Late-night talk show host Jay Leno took a 50% pay cut as part of NBC’s budget-chopping effort last month at “The Tonight Show,” the network said, detailing the scope of the changes for the first time as well as the reasoning behind them.

    The outsized pay cut, which took Mr. Leno’s salary down to around $15 million, helped NBC slash the show’s $100 million annual budget by about 20%, the network said. At the same time, Mr. Leno, the leading late night host, extended his contract for another two years to May 2014.

    Jay Leno, shown last year, extended his contract for another two years to May 2014.
    .The mid-August cutbacks were widely covered in the media but without precise details from the network. At the time, most news reports said that Mr. Leno took a significant pay cut. NBC also clarified the number of layoffs, which it put at 20, among them writers and producers, reducing the show’s staff to about 200

  • anonymous

    wsj

    The network’s entertainment chief, Robert Greenblatt, on Thursday night confirmed previous reports that the cuts were aimed at reversing tens of millions of dollars in budget increases implemented when Mr. Leno’s show was moved to prime-time briefly in 2009. NBC shifted the show back to 11.35 p.m. when the move failed to attract more viewers—yet the larger budget remained.

    “All we did was bring it back down to pre-prime-time levels,” Mr. Greenblatt said in an interview from his Los Angeles office.

    He acknowledged, however, that “Tonight” is “not the cash cow it was in the Johnny Carson days,” although he said it was still profitable.

  • anonymous

    wsj

    Late-night broadcasts have taken a hit over the years as audiences scatter to the Web and cable-TV shows such as “The Daily Show With Jon Stewart” on Viacom Inc.’s VIAB +1.74%Comedy Central. While “Tonight” remains the king of the late talk hours, its average total audience between last September and early August shrank 5% from the year before, according to Nielsen data provided by NBC. Most other late-night shows have seen similar declines.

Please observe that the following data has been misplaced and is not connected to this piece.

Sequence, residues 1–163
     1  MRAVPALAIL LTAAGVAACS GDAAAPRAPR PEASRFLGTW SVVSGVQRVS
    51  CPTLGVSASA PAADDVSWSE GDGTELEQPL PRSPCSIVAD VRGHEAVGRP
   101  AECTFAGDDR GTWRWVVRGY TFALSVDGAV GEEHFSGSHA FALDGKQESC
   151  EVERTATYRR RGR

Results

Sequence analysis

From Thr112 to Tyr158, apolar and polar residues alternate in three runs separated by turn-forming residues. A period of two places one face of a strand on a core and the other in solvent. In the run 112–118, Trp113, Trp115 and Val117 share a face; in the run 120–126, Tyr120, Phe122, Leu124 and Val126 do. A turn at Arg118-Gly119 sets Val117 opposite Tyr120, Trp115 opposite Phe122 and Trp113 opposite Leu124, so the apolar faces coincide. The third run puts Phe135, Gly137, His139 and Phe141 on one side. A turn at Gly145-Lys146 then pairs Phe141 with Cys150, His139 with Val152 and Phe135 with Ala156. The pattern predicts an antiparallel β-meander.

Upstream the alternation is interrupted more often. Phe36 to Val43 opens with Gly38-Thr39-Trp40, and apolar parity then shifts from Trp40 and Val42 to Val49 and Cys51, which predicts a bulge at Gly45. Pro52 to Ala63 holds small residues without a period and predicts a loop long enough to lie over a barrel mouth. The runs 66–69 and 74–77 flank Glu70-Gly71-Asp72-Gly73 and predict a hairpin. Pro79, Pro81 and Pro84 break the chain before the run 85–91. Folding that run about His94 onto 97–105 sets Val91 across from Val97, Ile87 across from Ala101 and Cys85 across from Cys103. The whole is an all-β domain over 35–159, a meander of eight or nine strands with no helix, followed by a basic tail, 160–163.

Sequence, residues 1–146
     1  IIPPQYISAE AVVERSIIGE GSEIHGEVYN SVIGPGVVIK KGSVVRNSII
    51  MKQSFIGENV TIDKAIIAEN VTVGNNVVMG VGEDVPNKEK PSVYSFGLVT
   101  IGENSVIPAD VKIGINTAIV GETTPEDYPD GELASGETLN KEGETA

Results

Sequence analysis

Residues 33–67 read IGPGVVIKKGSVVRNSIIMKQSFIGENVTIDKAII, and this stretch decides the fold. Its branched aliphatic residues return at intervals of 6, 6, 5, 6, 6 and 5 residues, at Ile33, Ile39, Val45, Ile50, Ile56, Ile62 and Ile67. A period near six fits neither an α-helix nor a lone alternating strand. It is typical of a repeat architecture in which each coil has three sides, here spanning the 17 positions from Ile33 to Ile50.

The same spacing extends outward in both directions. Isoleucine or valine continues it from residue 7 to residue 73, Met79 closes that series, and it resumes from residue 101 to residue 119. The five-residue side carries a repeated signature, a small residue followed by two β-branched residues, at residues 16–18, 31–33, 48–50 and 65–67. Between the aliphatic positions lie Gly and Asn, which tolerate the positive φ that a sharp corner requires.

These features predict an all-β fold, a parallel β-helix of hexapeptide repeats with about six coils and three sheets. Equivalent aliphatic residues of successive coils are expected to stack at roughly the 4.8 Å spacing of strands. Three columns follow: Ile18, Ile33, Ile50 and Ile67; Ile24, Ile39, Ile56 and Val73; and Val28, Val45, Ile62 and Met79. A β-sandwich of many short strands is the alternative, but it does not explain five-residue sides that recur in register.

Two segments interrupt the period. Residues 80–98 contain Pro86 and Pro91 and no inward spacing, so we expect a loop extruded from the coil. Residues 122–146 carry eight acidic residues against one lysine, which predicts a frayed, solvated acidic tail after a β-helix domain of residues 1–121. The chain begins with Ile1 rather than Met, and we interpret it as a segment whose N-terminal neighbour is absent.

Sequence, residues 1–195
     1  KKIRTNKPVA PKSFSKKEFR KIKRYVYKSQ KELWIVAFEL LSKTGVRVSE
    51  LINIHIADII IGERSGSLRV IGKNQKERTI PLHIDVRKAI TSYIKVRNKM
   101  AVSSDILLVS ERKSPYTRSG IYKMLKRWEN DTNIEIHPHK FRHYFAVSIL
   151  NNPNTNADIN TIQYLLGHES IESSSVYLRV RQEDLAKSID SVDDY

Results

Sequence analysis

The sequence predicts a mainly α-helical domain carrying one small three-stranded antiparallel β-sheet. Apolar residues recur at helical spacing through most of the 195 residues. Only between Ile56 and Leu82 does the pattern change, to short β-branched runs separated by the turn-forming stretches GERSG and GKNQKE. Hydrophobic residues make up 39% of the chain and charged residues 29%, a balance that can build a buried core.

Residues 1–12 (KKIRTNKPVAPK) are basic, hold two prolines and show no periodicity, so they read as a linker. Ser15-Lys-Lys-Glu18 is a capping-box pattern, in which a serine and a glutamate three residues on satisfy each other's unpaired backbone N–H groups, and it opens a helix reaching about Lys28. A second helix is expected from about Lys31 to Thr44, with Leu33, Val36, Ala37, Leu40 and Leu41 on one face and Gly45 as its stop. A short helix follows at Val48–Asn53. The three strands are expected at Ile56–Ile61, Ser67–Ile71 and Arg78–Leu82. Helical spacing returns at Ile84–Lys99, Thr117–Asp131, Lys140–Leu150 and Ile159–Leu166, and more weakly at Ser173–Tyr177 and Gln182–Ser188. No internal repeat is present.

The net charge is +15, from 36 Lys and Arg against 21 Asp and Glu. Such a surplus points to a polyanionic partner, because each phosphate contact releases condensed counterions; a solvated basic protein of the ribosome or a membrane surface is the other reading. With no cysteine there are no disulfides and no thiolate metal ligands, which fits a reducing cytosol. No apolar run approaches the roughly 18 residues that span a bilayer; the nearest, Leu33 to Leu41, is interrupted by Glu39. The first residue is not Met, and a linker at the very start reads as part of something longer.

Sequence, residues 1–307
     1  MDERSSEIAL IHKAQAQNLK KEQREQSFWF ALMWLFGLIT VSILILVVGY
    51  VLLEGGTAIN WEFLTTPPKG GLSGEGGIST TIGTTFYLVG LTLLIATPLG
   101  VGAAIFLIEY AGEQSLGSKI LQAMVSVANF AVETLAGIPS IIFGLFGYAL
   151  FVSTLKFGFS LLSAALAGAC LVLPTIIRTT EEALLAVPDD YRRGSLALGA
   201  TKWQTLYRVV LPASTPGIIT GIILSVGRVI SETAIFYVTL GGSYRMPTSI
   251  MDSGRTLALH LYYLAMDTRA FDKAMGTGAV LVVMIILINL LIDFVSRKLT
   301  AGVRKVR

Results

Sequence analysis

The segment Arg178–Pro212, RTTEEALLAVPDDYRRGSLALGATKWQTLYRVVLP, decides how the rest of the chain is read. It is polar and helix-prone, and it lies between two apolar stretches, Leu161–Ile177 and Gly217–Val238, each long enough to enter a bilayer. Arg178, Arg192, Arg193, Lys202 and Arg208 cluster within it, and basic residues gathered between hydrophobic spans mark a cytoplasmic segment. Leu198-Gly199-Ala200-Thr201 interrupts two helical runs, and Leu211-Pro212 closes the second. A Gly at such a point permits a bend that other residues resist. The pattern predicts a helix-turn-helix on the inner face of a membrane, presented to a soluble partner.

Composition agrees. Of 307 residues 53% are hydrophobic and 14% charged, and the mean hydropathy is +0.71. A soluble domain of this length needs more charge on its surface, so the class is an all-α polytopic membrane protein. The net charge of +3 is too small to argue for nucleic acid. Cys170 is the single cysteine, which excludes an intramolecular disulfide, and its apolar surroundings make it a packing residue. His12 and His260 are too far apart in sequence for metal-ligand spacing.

Advertising, too, has dropped. “Tonight’s” ad revenue fell to $159 million last year from $255 million in 2007, according to Kantar Media, while “Late Show With David Letterman,” on CBS Corp.’s CBS +3.58%network, slumped to $155 million from $205 million over the same period.

    Among the exceptions to the ratings trend has been Jimmy Kimmel’s midnight show on ABC. The budget reductions at Tonight came just days before the Walt Disney DIS +2.11%Co.-owned network announced it was moving Mr. Kimmel to 11.35 p.m. to go head to head with Mr. Leno and CBS’s David Letterman.

    At the time, there was speculation that NBC would move Jimmy Fallon, a younger comic who has a show at 12.35 a.m. to replace Mr. Leno, to combat ABC’s move, an idea undermined by Mr. Leno’s contract extension. Mr. Greenblatt said that he is “unfazed by Kimmel,” though he may “siphon off some young hipsters from Letterman.”

  • anonymous

    wsj

    Since his arrival to NBC in early 2011, Mr. Greenblatt has been trying to lift the network’s sagging prime-time ratings, while reducing the hundreds of millions of dollars it loses every year.

    “Everything is less profitable these days, including the prime-time schedule,” said Mr. Greenblatt.

    Mr. Greenblatt said he noticed the bulge in “Tonight’s” budget last spring, after he had finished introducing his first full season of prime-time programming. “I went to his [Leno's] office and we sat down and I said, ‘We have to be smart about how we do this show. We are in a difficult place at the network’…He understood.”

    Mr. Greenblatt said that the budget reboot won’t change the quality of the late-night production.

    Mr. Leno agreed. “We are just going to work harder and more efficiently,” the host said in an email. “Our job is to be sure that none of this shows up on screen.”

    Meanwhile, Mr. Greenblatt hasn’t spoken to the 62-year-old host about ending his 20-year-reign at “Tonight.” “That’s a conversation we’ll have as we look down the road,” he said.

    When?

    Mr. Greenblatt didn’t know for certain, but said “I’m sure there will be a day when these guys—Letterman and Leno—wake up and say, ‘It’s time for us to exit gracefully.'”

    Until that happens, Mr. Leno is taking one day at a time. “Our biggest challenge is the change in viewing habits,” he said. “We fight daily the DVR and online viewing, but we show up to work 5 days a week to make the show as topical, newsworthy, relatable and funny as possible.”

  • Aaron

    How much time does Dave take to rehearse for his show nowadays? He does two tapings in a day (I forget which day of the week) so it must be very minimal.